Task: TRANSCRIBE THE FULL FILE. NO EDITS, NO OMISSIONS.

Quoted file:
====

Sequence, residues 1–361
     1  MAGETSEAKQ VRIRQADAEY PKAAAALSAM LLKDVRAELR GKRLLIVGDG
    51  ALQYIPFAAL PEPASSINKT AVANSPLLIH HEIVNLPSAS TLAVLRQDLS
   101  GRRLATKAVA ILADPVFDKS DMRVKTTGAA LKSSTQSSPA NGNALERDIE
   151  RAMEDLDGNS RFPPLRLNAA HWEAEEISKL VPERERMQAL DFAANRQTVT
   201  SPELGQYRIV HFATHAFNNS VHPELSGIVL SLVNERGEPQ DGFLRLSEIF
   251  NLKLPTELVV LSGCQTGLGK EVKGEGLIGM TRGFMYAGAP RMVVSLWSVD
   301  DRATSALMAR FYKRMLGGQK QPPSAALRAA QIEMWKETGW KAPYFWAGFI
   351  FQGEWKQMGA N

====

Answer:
Sequence, residues 1–361
     1  MAGETSEAKQ VRIRQADAEY PKAAAALSAM LLKDVRAELR GKRLLIVGDG
    51  ALQYIPFAAL PEPASSINKT AVANSPLLIH HEIVNLPSAS TLAVLRQDLS
   101  GRRLATKAVA ILADPVFDKS DMRVKTTGAA LKSSTQSSPA NGNALERDIE
   151  RAMEDLDGNS RFPPLRLNAA HWEAEEISKL VPERERMQAL DFAANRQTVT
   201  SPELGQYRIV HFATHAFNNS VHPELSGIVL SLVNERGEPQ DGFLRLSEIF
   251  NLKLPTELVV LSGCQTGLGK EVKGEGLIGM TRGFMYAGAP RMVVSLWSVD
   301  DRATSALMAR FYKRMLGGQK QPPSAALRAA QIEMWKETGW KAPYFWAGFI
   351  FQGEWKQMGA N